On Locational Privacy in the Absence of Anonymous Payments
Tilman Frosch, Sven Schäge, Martin Goll, Thorsten Holz
Gutwirth, S., Leenes R., P. De Hert and Y. Poullet, Data protection on the Move. Current Developments in ICT and Privacy/Data Protection. Springer (forthcoming, 2015), Dordrecht.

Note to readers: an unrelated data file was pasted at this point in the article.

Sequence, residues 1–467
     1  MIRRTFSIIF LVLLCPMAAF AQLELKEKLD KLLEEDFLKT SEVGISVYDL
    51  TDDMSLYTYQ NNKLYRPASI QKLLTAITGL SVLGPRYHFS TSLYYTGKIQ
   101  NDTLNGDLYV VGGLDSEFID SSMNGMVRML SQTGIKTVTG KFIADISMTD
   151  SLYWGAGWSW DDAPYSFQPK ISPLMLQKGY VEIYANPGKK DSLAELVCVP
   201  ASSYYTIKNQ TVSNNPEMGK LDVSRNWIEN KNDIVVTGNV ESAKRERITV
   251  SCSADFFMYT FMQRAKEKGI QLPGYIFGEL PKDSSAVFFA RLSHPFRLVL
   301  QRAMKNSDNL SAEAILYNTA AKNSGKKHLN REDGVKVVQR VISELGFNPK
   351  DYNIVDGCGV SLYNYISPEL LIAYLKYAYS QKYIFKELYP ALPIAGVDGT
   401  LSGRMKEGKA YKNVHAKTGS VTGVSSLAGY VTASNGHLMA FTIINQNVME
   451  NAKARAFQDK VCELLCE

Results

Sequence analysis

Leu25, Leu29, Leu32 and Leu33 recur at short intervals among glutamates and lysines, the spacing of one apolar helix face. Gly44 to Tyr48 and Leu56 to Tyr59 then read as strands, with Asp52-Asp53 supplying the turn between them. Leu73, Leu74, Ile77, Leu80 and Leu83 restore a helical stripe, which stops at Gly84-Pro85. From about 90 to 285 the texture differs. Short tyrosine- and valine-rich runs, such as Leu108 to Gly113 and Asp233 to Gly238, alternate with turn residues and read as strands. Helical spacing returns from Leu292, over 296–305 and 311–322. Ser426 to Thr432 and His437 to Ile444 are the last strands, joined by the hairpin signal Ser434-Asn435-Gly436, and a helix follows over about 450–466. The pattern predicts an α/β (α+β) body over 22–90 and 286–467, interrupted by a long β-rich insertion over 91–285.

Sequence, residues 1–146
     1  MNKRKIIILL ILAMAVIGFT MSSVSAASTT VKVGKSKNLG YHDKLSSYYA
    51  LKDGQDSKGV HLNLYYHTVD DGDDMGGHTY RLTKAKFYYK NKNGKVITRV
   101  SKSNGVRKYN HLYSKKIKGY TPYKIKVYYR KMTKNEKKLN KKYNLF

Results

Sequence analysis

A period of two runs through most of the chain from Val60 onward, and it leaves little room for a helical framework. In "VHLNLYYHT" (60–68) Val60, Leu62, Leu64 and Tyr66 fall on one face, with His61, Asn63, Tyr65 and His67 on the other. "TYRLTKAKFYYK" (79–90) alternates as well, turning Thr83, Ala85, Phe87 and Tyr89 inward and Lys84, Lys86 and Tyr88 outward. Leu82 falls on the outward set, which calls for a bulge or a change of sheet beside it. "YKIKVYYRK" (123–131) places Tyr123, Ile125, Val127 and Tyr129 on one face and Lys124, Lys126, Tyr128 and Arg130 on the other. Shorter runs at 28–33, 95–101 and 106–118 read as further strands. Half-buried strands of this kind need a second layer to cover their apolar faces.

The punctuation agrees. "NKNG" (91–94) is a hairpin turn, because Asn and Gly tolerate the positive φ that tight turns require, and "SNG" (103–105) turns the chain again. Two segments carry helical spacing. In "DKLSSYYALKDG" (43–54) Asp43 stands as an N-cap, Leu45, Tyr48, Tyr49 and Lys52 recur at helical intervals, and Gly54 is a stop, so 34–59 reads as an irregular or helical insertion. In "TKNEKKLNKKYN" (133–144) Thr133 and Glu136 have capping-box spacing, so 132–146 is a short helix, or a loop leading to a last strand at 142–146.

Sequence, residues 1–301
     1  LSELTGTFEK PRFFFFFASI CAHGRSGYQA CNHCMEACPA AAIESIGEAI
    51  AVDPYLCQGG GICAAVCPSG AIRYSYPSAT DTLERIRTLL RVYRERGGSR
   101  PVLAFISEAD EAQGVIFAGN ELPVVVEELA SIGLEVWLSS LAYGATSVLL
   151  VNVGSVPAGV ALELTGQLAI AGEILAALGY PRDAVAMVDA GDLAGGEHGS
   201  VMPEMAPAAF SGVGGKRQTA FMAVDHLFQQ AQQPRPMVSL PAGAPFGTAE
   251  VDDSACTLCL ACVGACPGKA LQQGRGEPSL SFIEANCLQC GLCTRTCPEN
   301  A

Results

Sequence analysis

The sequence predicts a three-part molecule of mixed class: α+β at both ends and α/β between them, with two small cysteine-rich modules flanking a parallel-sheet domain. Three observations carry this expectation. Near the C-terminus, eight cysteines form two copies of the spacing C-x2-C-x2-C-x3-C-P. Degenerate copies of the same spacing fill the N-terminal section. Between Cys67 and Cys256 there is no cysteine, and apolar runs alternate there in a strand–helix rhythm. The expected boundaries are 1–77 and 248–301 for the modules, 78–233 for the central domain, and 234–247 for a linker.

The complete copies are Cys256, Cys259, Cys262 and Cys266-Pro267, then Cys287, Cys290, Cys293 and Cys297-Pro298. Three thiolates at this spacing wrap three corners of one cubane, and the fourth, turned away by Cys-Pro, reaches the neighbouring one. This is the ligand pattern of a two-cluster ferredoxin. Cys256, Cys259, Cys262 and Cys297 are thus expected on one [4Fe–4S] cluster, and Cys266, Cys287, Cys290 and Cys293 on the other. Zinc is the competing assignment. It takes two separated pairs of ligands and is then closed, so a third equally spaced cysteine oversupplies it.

In this paper we deal with the situation that in certain contexts vendors have no incentive to implement anonymous payments or that existing regulation prevents complete customer anonymity. While the paper discusses the problem also in a general fashion, we use the recharging of electric vehicles using public charging infrastructure as a working example. Here, customers leave rather detailed movement trails, as they authenticate to charge and the whole process is post-paid, i.e., are billed after consumption. In an attempt to enforce transparency and give customers the information necessary to dispute a bill they deem inaccurate, Germany and other European countries require to retain the ID of the energy meter used in each charging process. Similar information is also retained in other applications, where Point of Sales terminals are used. While this happens in the customers' best interest, this information is a location bound token, which compromises customers' locational privacy and thus allows for the creation of rather detailed movement profiles. We adapt a carefully chosen group signature scheme to match these legal requirements and show how modern cryptographic methods can reunite the, in this case, conflicting requirements of transparency on the one hand and locational privacy on the other. In our solution, the user's identity is explicitly known during a transaction, yet the user's location is concealed, effectively hindering the creation of a movement profile based on financial transactions.[pdf]